The Legacy of the Plumed Serpent in Ancient Mexico

Posted by    |    July 25th, 2012 at 10:17 am

Image courtesy of LACMA

The Dallas Museum of Art introduces The Legacy of the Plumed Serpent in Ancient Mexico, a huge exhibition following the trade network in ancient Mexico, the followers of the deity Quetzalcoatl, and the progression of empires from 900 to 1500 A.D. The exhibition hosts an array of 150 items, including paintings, sculptures, turquoise mosaics, textiles, and gold, all illustrating the transition between two empires: the Aztecs and the Spanish. It showcases materials that demonstrate the convergence of empires and the conquest of people part of a broad trade network that spread ideas, innovations, and enterprises throughout ancient Mexico, South America, and the American Southwest.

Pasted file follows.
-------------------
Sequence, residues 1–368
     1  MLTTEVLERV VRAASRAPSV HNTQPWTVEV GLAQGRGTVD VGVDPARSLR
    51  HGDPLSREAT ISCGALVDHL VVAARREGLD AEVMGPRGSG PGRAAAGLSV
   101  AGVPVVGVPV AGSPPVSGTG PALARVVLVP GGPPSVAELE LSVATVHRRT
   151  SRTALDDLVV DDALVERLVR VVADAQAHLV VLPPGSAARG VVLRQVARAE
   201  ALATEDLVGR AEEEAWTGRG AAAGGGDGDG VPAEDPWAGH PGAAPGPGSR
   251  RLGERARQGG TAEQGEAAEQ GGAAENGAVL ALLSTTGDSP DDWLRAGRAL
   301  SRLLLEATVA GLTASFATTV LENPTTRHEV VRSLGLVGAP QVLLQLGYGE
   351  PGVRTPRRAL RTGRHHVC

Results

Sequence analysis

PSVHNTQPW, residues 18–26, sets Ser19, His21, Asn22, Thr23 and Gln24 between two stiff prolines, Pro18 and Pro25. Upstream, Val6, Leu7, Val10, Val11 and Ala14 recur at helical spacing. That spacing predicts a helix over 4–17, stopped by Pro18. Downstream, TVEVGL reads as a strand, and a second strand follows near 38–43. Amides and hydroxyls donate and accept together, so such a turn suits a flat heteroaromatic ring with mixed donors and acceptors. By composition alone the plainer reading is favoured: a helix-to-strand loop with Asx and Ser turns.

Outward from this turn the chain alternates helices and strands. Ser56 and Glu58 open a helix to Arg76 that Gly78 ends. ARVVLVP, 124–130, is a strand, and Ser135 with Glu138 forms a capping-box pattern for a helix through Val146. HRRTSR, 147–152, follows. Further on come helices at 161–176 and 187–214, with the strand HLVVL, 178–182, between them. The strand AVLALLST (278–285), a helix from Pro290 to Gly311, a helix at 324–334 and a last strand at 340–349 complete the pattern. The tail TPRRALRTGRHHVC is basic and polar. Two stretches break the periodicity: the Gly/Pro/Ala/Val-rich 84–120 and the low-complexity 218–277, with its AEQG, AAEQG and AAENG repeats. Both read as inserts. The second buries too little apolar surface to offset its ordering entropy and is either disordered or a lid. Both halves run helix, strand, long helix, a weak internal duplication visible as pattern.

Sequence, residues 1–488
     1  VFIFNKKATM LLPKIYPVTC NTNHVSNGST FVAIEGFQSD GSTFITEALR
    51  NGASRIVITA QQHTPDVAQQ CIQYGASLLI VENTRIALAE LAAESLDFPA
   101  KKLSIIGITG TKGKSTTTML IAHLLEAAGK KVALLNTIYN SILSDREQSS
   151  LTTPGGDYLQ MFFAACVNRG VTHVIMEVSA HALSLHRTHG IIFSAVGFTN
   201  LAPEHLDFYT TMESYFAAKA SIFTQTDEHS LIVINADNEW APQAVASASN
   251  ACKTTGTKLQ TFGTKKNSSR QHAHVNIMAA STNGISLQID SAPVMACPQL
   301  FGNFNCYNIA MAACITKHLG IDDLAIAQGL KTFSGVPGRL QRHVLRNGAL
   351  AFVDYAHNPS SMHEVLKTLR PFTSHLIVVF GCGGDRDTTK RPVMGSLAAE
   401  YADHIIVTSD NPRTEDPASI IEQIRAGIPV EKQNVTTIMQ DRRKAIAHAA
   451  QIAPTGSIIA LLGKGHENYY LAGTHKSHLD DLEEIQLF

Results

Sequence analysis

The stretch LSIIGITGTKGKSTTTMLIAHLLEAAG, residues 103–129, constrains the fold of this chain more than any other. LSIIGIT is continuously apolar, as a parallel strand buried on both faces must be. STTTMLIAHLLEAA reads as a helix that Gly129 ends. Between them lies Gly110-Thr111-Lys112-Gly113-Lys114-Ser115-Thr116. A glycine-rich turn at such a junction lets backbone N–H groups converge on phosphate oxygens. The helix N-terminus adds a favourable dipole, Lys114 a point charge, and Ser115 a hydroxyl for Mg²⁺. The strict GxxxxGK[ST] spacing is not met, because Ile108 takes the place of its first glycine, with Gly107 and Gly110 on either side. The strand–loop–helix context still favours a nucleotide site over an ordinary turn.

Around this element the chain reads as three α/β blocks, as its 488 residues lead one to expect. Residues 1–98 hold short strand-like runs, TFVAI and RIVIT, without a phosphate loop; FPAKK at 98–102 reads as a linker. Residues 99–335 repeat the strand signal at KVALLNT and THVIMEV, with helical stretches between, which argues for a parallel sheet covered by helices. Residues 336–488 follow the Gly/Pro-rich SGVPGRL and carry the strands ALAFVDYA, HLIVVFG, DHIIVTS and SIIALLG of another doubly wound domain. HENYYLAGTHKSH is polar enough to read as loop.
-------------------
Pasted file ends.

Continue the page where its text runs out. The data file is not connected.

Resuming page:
Courtesy of LACMA

Organized by the Los Angeles County Museum of Art, the exhibition focuses on the ancient kingdoms who worshipped Quetzalcoatl (literally “feathered serpent”), a spirit that combined the features of the quetzal bird and the serpent. The show is powerful, complex, and thought-provoking, allowing the viewer to understand that globalization is not a new phenomenon and that the transcendence of linguistics in art is universal.

The show opens on July 29th and closes on November 25th.

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